CFA Institute Magazine printed an interview with C. Thomas Howard, director of Athena Investment Services. He has an extreme style of investment, meant to eliminate all emotional biases. Some of his ideas are definitely outside the mainstream. He makes a good argument that the Prudent Man Rule, and even modern portfolio theory itself, are, in some ways, the institutionalization of emotion-driven investing, so that even our ethical and academic frameworks are damaging to optimal investing.
I think he makes some great points, and has some challenging ideas about how to invest wisely.
In the end, the problem comes down to the fact that optimal investing is hopelessly bound up with uncertainty on many levels. We can never cleanly separate temporary and permanent changes, losses from mistaken tactics and losses from volatility, etc. So, while the best long term investment needs to be unconcerned with volatility, there will always be the possibility, at the nadir of volatility that is likely to be mean-reverting, that it is actually only the beginning of the consequences of a very poor or very unlucky position. That includes tactics as broad as having a diversified exposure to the global productive economy. And, that problem is multiplied many times over when your portfolio is under the management of a 3rd party.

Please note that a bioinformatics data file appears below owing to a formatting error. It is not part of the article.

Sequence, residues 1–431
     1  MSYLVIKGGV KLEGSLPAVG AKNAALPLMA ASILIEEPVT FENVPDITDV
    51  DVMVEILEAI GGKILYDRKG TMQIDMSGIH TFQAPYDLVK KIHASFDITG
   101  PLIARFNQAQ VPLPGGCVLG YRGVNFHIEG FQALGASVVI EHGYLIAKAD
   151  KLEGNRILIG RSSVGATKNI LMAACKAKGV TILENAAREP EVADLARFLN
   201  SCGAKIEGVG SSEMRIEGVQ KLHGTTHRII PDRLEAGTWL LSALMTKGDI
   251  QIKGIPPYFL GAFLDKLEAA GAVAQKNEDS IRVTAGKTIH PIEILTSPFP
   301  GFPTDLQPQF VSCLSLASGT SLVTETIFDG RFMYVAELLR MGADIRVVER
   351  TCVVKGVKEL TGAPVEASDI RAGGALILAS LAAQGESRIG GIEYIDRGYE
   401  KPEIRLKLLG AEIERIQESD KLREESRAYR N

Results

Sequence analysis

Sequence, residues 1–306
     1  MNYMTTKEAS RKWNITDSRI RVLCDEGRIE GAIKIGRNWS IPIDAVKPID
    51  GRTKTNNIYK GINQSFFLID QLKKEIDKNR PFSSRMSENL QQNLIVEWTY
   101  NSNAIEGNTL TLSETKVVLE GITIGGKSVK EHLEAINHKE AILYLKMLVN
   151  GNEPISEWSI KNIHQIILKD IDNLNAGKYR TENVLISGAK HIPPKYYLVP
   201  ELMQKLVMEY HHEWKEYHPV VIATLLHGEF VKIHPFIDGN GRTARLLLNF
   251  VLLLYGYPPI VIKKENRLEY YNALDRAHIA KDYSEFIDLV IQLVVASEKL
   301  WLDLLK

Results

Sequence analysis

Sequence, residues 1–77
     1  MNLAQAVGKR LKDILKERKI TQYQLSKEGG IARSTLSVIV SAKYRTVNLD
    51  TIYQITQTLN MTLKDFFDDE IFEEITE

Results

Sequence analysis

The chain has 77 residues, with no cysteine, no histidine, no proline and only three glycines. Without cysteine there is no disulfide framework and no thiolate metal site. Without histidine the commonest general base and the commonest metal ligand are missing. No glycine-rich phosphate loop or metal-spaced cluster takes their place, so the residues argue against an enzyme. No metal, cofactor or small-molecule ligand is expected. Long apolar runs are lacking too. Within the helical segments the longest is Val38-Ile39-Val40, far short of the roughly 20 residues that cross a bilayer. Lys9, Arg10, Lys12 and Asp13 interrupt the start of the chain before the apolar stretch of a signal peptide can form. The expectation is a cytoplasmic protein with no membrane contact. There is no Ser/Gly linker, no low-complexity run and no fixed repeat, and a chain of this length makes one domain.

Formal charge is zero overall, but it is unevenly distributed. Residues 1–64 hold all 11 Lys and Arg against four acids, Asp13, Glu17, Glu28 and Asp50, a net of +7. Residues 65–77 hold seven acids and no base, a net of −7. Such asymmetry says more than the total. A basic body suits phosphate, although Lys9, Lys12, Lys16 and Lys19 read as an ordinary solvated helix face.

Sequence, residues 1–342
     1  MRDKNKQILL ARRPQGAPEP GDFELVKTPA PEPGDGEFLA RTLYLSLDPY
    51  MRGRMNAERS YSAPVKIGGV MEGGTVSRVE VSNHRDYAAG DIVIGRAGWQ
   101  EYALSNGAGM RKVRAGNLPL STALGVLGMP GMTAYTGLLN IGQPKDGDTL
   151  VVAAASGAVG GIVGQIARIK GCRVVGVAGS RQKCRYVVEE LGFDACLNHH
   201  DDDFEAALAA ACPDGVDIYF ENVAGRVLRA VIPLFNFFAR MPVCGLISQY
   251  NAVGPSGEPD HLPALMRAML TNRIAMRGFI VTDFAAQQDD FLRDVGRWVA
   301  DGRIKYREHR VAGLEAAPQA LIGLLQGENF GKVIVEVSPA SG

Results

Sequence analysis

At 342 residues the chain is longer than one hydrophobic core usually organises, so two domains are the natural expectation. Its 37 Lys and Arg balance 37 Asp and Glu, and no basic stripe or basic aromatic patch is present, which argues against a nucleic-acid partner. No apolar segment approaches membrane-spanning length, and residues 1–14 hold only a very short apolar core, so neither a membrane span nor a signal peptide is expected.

Even when a portfolio does well, it can be for reasons that are unclear. For instance, the Athena Pure portfolio has gained an average annual return of 25% over 12 years. Howard attributes this to his non-emotional, behavioral finance approach. But, it just so happens that part of his theory regarding this approach is that he prefers firms with high levels of debt and large dividends. How much of his gains have come from behavioral finance insights, and how much has come from the happenstance that this profile might do very well in a context of falling interest rates? (I haven't researched the fund's holdings.)
Here is the link (pdf). An interesting article, with food for thought, and several good ideas, in any case.